In the Class of 2019: High school edition, EPI Senior Economist Elise Gould and Research Assistants Julia Wolfe and Zane Mokhiber provide in-depth analysis of the labor market for young high school graduates. The report focuses on high school graduates (ages 18–21), analyzing their demographics and whether they are employed, enrolled, both, or neither. The authors then look at unemployment rates and wage trends to paint a picture of recent high school graduates’ economic prospects as they decide whether to enter the labor market or continue their education.
“While the recovery has shown overall positive trends, inequities remain,” said Wolfe. “High levels of unemployment and underemployment persist for young African American workers, and young women still face a gender pay gap.”
Due to the steady progression of economic recovery since the Great Recession, the members of the high school class of 2019 who enter the labor market right after graduating have better job prospects than the classes of 2009–2018 did. However, compared with those who graduated in the full-employment labor market of 2000, the class of 2019 still faces real economic challenges.
“Young high school graduates face a difficult decision when deciding whether or not to go to college,” said Gould. “While college graduates generally fare better in the labor market than high school graduates, the rising cost of college and resulting student loan debt, coupled with uncertain wage prospects makes the financial decision all the more risky.”
“Policymakers should work to make college more affordable for those who decide to continue their education,” said Mokhiber. “However, to improve job quality for all working people, policymakers should raise the minimum wage, protect workers from wage theft, provide undocumented workers with a path to citizenship, and end discriminatory practices that contribute to race and gender inequities.”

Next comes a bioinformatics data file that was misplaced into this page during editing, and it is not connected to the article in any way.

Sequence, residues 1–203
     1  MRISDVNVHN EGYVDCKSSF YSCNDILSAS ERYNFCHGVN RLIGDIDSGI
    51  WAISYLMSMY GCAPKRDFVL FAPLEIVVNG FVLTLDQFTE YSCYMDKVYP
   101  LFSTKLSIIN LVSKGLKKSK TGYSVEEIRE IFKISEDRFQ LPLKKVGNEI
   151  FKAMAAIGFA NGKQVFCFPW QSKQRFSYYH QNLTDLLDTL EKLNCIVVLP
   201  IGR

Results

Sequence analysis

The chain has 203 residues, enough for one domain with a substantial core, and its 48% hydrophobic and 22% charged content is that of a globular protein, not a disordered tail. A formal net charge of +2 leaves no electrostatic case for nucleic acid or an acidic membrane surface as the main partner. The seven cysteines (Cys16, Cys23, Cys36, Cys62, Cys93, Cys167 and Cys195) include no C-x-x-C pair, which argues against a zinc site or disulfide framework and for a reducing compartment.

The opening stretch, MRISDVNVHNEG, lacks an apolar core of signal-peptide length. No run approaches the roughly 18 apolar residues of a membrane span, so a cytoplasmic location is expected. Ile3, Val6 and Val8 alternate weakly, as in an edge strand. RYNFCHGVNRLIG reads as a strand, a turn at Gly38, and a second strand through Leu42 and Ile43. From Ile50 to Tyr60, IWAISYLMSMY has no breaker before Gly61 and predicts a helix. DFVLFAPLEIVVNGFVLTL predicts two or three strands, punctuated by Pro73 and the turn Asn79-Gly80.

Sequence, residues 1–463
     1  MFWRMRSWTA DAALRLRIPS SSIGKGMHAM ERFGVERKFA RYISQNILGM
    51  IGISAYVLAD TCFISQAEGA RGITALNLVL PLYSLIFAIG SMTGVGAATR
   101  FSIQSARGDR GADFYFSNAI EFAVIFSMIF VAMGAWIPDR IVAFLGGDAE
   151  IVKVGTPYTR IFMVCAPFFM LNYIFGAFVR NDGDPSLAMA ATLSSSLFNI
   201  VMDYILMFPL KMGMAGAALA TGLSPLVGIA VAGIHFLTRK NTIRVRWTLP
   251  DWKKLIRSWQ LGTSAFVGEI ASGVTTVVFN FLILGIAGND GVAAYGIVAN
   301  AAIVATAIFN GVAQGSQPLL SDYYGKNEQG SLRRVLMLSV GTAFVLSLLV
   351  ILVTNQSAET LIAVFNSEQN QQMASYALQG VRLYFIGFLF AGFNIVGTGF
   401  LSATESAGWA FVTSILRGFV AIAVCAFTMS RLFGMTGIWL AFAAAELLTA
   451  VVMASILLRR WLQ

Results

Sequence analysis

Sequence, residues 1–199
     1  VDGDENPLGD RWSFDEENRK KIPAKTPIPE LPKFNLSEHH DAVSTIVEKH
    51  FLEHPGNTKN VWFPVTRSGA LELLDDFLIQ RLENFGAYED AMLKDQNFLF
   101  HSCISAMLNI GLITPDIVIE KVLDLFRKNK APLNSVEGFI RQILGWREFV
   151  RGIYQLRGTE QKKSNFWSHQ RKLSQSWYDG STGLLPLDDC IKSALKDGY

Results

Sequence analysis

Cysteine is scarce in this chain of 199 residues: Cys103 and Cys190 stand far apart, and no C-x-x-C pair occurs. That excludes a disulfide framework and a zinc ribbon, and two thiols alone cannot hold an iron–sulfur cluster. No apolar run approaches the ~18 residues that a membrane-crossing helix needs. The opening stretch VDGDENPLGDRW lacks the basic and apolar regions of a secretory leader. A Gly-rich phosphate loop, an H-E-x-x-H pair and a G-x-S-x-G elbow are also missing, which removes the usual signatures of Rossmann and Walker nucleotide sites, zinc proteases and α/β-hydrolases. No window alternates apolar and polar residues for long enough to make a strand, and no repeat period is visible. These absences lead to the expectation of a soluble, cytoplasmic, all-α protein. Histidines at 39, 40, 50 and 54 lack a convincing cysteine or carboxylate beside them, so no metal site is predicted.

At the same time, because of stagnating family incomes and the rising cost of a college degree, many young high school graduates will only be able to access the benefits of a college degree by taking on significant debt. Students at for-profit colleges generally take on more debt than students at nonprofit private and public schools do, but they are less likely to finish their degrees. Black students take on a disproportionate amount of debt, in part because their families generally accumulate less wealth than white families.
Findings from the report include:
- While 45.7 percent of all 18- to 21-year-olds have some college education, the vast majority (65.8 percent) of the overall working-age population over age 21 does not have a four-year college degree. About one-in-three young adults (ages 18–21) has a high school diploma only. One-in-five has less than a high school diploma.
- After rising dramatically during the Great Recession, the share of high school graduates who are idled—neither employed nor enrolled in further schooling—has declined, but a larger share are idled now than they were in 2000.
- Of the young high school graduates who are not enrolled in further schooling, nearly one-in-10 is unemployed. This share is on par with where it was when the economy was at full employment in 2000. Young black high school graduates are roughly twice as likely to be unemployed as their white and Asian American and Pacific Islander (AAPI) peers.
- The underemployment rate for young high school graduates is 19.1 percent, slightly below where it was in 2007, but well above where it was in 2000. Over a quarter of young black high school graduates are underemployed, a much higher rate than among young white, Hispanic, and Asian American/Pacific Islander graduates.
- Between 1989 and 2019, average wages for this group grew only 11.2 percent in total. Young Hispanic high school graduates saw faster wage growth than their white, black, and AAPI peers did between 2000 and 2019.
- The gender wage gap for young high school graduates narrowed slightly over the past 19 years due to a slight increase in women’s wages and a decline in men’s wages. The current gap is $1.29 an hour, or $2,680 per year for a full-time worker.
- Between 2000 and 2019, white high school graduates’ wages grew by less than a percent, while black graduates experienced a drop in pay of 2.7 percent, increasing the black-white pay gap to 11.1 percent. Black graduates have the lowest hourly pay at $10.92 per hour.